Understanding Market Correlation of Stocks and Bonds
At Pathway Financial we believe that stocks and bonds are more correlated than people think. Market correlation is a statistic the finance and investment worlds often use. It measures the degree to which two securities move in relation to one another.
Most investors have likely heard of the 60-40 portfolio which is 60% stocks and 40% bonds. The 60-40 portfolio is a highly hyped, generalized investment portfolio framework commonly used today. The reason this type of portfolio is highly regarded is that there is a widely held belief that stocks and bonds tend to move in opposite directions. However, this belief is largely false.
Market Correlation in Bonds
It is important to understand that all bonds are diverse. Each distinct class of bonds can perform differently during different times in the economy. Therefore, the investor who wants to use the 60-40 portfolio should have some level of understanding of what types of bonds make up 40% of their portfolio and what kind of risk they hold. Some examples of bonds include:
Treasury Bonds- these are typically the safest
Municipal Bonds- issued by state & local governments
Agency Bonds- issued by Federal Government Agencies (like Fannie Mae)
Investment Grade Corporate Bonds- issued by highly rated corporations
Junk Bonds- issued by poorly rated corporations
Bonds carry different levels of Credit Risk (volatility) based on the issuer of the bond. Investors generally see Treasuries as a safe haven. Agency Bonds are the next in line regarding safety, followed closely by Municipal Bonds. Investment Grade Corporate Bonds are riskier than Treasuries, Agencies, and Muni’s, but Junk Bonds are riskier than their Investment Grade counterpart. There are also International or Emerging Markets Bonds which bring other risks to the table.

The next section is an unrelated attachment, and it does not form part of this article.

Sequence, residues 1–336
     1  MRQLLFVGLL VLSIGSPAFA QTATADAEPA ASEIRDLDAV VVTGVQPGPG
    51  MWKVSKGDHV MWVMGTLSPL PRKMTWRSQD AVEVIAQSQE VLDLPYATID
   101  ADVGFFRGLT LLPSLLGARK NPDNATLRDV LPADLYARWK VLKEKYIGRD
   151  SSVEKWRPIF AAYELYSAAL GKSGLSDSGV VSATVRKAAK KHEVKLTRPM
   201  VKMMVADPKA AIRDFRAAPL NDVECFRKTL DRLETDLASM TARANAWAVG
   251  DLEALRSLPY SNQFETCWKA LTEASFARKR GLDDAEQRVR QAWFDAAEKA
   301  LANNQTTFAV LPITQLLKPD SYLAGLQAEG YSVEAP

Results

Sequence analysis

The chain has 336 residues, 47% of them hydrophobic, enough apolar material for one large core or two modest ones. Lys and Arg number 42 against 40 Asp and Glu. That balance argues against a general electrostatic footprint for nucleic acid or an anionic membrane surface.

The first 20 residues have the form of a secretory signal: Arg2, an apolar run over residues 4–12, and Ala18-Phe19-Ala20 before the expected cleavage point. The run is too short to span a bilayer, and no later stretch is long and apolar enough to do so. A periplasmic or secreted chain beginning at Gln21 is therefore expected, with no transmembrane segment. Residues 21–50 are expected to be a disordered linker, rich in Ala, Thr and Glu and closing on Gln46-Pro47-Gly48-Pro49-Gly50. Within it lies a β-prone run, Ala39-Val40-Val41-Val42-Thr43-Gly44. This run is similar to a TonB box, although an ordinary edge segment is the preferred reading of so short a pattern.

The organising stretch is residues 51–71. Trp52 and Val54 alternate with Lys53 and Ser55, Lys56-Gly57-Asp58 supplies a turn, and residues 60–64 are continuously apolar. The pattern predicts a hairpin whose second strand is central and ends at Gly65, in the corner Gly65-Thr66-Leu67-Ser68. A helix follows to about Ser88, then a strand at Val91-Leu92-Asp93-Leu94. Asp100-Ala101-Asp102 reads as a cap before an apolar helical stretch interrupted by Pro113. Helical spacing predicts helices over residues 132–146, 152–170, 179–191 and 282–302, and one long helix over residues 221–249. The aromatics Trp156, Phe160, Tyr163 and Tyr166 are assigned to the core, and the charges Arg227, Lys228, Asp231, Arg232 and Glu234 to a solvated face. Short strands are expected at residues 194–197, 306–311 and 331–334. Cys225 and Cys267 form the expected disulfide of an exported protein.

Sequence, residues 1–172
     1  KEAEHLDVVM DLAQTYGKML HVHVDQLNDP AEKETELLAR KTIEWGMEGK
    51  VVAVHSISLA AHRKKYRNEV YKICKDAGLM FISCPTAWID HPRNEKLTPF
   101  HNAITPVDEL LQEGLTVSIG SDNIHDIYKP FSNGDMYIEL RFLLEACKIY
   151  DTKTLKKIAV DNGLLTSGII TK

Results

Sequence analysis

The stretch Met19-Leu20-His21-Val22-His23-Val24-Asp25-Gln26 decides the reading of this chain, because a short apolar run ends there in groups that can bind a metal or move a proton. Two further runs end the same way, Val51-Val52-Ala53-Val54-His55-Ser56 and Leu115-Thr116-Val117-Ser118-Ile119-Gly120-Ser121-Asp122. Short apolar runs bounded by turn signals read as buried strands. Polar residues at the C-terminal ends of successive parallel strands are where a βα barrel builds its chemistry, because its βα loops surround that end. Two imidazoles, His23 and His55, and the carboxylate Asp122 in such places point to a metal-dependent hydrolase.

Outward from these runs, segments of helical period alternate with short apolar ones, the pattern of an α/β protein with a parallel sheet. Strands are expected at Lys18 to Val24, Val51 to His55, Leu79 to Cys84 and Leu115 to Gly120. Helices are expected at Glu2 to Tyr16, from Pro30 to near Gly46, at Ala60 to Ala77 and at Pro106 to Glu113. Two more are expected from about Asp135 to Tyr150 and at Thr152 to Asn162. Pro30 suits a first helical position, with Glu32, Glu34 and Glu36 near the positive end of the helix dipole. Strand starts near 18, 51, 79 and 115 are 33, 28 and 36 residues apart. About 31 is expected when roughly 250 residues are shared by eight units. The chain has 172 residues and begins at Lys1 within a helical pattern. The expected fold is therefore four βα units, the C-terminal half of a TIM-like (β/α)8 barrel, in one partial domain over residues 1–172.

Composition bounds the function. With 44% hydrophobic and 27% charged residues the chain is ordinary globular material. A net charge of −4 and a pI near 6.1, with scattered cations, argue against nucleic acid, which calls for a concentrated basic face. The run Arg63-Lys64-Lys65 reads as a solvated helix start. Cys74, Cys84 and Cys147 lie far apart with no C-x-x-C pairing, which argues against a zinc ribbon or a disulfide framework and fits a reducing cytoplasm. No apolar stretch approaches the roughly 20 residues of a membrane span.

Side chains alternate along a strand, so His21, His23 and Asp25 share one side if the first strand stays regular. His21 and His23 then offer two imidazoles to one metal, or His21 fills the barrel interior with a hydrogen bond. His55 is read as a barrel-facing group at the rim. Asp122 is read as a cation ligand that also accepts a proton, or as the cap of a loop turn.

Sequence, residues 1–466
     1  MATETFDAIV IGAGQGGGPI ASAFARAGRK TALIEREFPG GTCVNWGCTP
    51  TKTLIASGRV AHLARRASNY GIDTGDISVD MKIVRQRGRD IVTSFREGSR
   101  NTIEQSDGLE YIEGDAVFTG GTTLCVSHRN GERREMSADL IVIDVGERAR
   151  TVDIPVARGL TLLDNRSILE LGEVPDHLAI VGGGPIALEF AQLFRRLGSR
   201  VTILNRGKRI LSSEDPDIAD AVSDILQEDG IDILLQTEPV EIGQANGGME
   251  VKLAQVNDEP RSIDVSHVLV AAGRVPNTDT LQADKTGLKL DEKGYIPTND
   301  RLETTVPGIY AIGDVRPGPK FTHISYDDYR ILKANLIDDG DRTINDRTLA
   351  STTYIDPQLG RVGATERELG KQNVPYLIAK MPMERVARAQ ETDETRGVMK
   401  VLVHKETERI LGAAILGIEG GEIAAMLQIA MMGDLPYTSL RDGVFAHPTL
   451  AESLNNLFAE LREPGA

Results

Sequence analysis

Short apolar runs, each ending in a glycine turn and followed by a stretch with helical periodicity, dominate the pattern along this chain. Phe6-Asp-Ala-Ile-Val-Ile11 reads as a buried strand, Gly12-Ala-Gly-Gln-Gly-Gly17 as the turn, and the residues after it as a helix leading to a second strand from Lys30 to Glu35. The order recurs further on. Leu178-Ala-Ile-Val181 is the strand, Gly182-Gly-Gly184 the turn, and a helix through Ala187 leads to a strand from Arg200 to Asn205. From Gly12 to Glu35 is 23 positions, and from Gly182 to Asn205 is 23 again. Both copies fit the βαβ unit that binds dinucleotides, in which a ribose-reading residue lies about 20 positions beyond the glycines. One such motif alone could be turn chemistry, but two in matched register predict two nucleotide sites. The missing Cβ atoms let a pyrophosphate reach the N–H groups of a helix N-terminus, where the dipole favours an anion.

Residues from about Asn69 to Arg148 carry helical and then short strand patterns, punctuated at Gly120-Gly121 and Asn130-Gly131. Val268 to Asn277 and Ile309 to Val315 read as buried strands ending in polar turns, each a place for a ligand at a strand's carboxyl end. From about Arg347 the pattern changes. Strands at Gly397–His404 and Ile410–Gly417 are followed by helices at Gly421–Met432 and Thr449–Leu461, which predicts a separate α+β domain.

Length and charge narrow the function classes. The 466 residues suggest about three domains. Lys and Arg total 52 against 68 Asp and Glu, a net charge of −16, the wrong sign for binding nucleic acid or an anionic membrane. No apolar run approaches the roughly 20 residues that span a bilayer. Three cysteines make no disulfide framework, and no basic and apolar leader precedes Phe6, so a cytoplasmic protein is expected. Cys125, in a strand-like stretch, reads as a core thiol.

Stocks & Bonds During Recessions
Sometimes treasuries are positively correlated; other times they’re negatively correlated. According to PIMCO, during the first half of a recession, stocks and US Treasuries were positively correlated during three of the seven (1970, 1981/82, 1990) recessions from 1969 – 2008. In two of the recessions (2001 & 2008), stocks and treasuries had a negative correlation, or they generally moved in opposite directions. The other two recessions (1973/74 & 1980) there was little to no correlation, meaning they sort of marched to the beat of their own drum.
Some bonds, like corporate bonds, are very correlated (move in the same direction) as stocks, especially during times of market stress. It’s interesting to note that the Federal Reserve has kept interbank lending rates (Fed Funds Rate) really low since the 2008 financial crisis. This might help explain why there were similar amounts of volatility in corporate bonds as in stocks during March 2020.
In March 2020 stocks, corporate bonds (both investment grade and junk), and high yield municipal bonds all experienced similar levels of volatility. The fact these assets were positively correlated, and also experienced similar amounts of volatility, caused many investors some surprise. A very popular 60-40 balanced mutual fund we follow experienced an approximate 23% peak to trough decline between February 19, 2020, and March 23, 2020.
Other risks to bonds include Interest Rate Risk & Inflation Risk. Interest rate risk is more profound when the underlying bond or bond portfolio has a longer maturity. You should measure bond funds with duration. What bonds (more so intermediate to long term treasury bonds) do tend to offer during times of market chaos and stress is lower volatility and usually some positive returns.